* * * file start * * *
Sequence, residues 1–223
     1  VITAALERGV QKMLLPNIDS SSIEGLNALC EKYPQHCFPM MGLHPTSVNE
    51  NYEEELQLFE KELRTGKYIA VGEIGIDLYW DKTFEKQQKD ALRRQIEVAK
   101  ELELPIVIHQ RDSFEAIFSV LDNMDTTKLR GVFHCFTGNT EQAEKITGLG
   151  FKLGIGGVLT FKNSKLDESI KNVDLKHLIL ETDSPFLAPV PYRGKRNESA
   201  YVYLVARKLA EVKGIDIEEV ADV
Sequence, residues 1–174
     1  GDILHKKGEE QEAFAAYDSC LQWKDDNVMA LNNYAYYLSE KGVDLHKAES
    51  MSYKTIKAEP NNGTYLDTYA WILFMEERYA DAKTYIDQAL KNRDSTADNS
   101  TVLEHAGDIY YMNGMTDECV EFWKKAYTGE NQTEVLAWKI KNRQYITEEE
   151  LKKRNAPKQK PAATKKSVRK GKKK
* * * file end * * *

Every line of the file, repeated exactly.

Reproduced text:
Sequence, residues 1–223
     1  VITAALERGV QKMLLPNIDS SSIEGLNALC EKYPQHCFPM MGLHPTSVNE
    51  NYEEELQLFE KELRTGKYIA VGEIGIDLYW DKTFEKQQKD ALRRQIEVAK
   101  ELELPIVIHQ RDSFEAIFSV LDNMDTTKLR GVFHCFTGNT EQAEKITGLG
   151  FKLGIGGVLT FKNSKLDESI KNVDLKHLIL ETDSPFLAPV PYRGKRNESA
   201  YVYLVARKLA EVKGIDIEEV ADV
Sequence, residues 1–174
     1  GDILHKKGEE QEAFAAYDSC LQWKDDNVMA LNNYAYYLSE KGVDLHKAES
    51  MSYKTIKAEP NNGTYLDTYA WILFMEERYA DAKTYIDQAL KNRDSTADNS
   101  TVLEHAGDIY YMNGMTDECV EFWKKAYTGE NQTEVLAWKI KNRQYITEEE
   151  LKKRNAPKQK PAATKKSVRK GKKK